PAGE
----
‘The Truth’ Film Review: Catherine Deneuve and Juliette Binoche Grapple With Honesty and Each Other

Venice 2019: Hirokazu Kore-eda’s first non-Japanese film captures a mother-daughter relationship fraught with resentments

In the latest film from Hirokazu Kore-eda (director of the 2018 Palme d’Or winner “Shoplifters”), Catherine Deneuve plays a legendary French film star who has just published a memoir titled, like this movie, “The Truth.” It’s a promise that her book comes nowhere near fulfilling; as for Kore-eda’s first film made outside his native Japan, it’s a fascinating exploration of the fallibility of memory and of how the truths we tell ourselves so frequently outweigh an empirical certainty.

Deneuve’s Fabienne falls into the great screen tradition of actresses capable of great emotion on stage or screen but less so off. (Think Bette Davis’ Margo Channing in “All About Eve” or Gena Rowlands’ Myrtle Gordon in “Opening Night.”) She also shares some DNA with Ingrid Bergman’s musician in “Autumn Sonata” or Shirley MacLaine’s movie star in “Postcards From the Edge” — have we acknowledged how much Mike Nichols was borrowing from Ingmar Bergman on that one? — in that her career always came before her duties as mother to her daughter Lumir (Juliette Binoche), now a grown-up screenwriter.

Lumir, her actor-husband Hank (Ethan Hawke) and their young daughter, Charlotte (Clémentine Grenier), have come to Paris from New York to celebrate the publication of Fabienne’s book, but Lumir wastes no time digging into the tome with red pencil and Post-It notes at the ready. She points out that Fabienne’s portrayal of herself as a doting mother is completely false, but Lumir comes out better in the book than others; Fabienne’s longtime caretaker Luc (Alain Libolt, “The Lady and the Duke”) was left out entirely, while Lumir’s father, Pierre (Roger Van Hool, “As Above, So Below”), is listed as dead when he’s very much alive.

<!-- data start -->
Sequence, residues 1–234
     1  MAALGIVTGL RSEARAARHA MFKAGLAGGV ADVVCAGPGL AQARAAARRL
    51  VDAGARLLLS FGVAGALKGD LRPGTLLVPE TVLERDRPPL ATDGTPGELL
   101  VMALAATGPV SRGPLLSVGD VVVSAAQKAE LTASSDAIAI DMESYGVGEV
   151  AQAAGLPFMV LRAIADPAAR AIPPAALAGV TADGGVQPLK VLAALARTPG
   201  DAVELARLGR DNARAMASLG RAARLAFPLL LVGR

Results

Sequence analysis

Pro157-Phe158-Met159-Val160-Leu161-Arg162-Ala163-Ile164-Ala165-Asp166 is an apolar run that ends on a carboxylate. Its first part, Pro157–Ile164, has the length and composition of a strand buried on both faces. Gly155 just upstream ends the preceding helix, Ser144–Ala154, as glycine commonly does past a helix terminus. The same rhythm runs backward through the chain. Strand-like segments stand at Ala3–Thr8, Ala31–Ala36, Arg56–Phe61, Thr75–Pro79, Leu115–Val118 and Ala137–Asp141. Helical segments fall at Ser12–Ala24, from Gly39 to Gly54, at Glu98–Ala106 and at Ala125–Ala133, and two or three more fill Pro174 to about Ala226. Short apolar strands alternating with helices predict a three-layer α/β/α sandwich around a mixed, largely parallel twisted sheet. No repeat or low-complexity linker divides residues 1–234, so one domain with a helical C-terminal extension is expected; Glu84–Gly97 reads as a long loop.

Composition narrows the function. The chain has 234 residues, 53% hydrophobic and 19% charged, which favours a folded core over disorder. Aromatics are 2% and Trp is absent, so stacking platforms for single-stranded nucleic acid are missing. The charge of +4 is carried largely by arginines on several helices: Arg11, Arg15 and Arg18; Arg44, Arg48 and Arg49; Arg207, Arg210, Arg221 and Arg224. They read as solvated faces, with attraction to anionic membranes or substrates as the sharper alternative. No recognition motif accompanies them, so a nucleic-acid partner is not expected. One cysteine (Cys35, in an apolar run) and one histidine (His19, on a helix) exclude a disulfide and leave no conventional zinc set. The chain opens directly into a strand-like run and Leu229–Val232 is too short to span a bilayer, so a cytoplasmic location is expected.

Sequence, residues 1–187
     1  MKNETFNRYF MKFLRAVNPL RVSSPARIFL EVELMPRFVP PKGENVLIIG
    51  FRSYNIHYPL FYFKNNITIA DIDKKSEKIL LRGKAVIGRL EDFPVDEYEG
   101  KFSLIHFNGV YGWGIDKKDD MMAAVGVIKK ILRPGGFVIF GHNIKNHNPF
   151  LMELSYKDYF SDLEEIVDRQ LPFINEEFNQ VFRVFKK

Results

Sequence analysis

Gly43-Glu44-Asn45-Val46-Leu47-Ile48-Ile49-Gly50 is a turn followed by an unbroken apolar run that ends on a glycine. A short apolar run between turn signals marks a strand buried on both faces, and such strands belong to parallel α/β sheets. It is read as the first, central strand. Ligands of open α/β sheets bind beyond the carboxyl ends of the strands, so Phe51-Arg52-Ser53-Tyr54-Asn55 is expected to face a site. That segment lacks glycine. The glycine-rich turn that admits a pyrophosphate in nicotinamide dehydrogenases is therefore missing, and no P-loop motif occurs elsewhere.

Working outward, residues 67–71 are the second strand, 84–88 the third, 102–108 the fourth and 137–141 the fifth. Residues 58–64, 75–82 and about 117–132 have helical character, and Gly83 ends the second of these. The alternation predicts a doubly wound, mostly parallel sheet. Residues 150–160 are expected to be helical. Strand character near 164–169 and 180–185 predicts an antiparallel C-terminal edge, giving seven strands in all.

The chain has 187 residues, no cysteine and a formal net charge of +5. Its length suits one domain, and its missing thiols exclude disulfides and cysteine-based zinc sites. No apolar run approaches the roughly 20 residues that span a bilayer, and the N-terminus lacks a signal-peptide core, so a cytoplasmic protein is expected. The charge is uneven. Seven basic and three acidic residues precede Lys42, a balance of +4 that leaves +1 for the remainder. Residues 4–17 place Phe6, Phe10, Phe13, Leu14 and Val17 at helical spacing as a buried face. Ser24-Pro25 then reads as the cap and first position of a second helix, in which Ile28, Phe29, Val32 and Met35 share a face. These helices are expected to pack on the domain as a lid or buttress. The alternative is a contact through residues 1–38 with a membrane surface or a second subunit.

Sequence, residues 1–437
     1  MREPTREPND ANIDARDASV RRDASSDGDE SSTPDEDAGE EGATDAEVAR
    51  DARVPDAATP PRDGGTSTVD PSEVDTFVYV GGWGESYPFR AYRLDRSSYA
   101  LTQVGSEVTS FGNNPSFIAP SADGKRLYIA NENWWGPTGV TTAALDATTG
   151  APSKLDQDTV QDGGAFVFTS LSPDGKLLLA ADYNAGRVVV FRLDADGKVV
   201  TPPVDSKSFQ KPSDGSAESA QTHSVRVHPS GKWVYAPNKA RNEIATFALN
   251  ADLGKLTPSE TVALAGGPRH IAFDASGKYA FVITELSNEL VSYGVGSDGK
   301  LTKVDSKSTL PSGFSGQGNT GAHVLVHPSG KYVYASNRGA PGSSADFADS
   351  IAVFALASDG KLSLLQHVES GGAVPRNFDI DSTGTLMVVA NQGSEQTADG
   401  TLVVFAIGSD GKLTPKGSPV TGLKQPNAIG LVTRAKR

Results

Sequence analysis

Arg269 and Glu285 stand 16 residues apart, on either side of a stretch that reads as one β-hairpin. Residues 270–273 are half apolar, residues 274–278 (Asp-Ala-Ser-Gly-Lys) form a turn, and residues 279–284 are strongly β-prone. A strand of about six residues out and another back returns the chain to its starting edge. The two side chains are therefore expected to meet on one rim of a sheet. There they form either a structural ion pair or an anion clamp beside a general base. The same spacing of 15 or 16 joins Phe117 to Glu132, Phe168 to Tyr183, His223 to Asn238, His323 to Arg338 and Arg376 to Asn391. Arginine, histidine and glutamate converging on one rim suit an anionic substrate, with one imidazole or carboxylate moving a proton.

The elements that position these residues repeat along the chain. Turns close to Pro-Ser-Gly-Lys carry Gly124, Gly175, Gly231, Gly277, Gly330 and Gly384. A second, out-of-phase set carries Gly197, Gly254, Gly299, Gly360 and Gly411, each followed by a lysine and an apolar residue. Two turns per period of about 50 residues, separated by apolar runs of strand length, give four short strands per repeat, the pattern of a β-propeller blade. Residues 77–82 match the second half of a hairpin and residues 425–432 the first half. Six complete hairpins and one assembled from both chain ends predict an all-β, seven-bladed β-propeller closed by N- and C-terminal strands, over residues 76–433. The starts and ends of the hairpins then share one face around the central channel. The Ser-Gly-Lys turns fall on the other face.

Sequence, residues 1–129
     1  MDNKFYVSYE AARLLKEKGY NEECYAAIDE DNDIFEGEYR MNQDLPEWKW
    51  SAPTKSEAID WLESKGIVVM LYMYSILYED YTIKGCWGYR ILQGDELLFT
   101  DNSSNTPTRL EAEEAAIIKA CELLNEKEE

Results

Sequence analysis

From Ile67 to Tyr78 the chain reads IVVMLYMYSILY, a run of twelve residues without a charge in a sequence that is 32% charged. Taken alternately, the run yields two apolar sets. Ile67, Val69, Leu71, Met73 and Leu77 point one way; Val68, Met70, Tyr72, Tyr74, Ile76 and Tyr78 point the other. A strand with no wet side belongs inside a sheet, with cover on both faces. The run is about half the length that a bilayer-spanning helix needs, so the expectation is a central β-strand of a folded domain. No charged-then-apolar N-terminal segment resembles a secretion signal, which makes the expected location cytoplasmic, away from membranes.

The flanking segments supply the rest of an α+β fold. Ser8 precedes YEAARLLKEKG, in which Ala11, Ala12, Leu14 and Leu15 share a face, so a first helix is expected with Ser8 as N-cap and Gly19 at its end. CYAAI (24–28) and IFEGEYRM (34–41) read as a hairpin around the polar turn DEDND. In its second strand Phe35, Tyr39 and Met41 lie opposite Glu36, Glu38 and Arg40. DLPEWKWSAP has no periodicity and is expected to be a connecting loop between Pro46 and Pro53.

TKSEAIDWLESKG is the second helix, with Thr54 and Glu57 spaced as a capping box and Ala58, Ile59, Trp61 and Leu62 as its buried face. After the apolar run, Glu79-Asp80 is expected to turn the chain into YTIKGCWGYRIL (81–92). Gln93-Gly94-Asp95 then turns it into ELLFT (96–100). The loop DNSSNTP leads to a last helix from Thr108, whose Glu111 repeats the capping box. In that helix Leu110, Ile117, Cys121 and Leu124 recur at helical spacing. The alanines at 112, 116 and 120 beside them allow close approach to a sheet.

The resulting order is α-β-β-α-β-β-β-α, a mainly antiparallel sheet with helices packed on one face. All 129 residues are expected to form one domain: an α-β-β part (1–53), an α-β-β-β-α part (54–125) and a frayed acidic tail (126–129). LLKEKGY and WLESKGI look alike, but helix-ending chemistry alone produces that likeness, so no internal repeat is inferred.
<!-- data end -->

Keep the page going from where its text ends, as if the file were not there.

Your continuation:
Fabienne is also making a movie, opposite young up-and-comer Manon (Manon Clavel); Manon is being compared to a friend and peer of Fabienne’s, the late Sarah, who was in many ways Lumir’s surrogate guardian. Sarah’s memory remains a sticking point between mother and daughter, and the film Manon and Fabienne are making prompts more painful recollections in Lumir: It’s about a mother forced by disease to live in space, visiting Earth every 10 years and remaining the same age while her daughter gets old, a powerful metaphor for Fabienne’s frequent, lengthy absences during Lumir’s childhood.

Kore-eda’s screenplay makes it clear that Fabienne fully understands the choices and the personal sacrifices she has made over the course of her career; “I’d rather be a bad mother and a bad friend and a good actress,” she tells Lumir at one point. “You won’t forgive me, but the public will.”

For her part, Lumir often shows herself to be her mother’s daughter, from the unreliability of her own recollections to her skill at literally putting words into other people’s mouths: Fabienne claims never to have apologized to a man, so she needs a script when she begs Luc to return. (Writers, Kore-eda seems to be saying, aren’t to be trusted any more than actresses are when it comes to the truth.)

Deneuve and Binoche are titans of their respective generations, and to see them clash on screen is exquisite entertainment. They pepper resentment and impatience with grace notes of humor and compassion, and the results feel genuine, even in a setting that is rife with play-acting. Hawke, too, shines. It’s tricky for successful, accomplished actors to play untalented, struggling ones without delving into condescension, but he never plays the role from atop a perch.

Cinematographer Eric Gautier (“Ash Is Purest White”) and Kore-eda (who also edits) give us a full sense of the spaces in which Fabienne exists — her home (palatial, but next door to a prison) and the studio (a multi-level affair with green-screens scattered throughout for Manon’s sci-fi movie). The two settings also allow Fabienne’s acting world to meld with her real one, which perfectly underscores the nature of her character.

If Kore-eda’s “Shoplifters” was about discarded people coming together to form a family, perhaps “The Truth” is the opposite, where flesh-and-blood relations have to figure out how to forgive, or at least to understand, each other. Even working in another language and on another continent, he once again captures the intricacies of the human condition.

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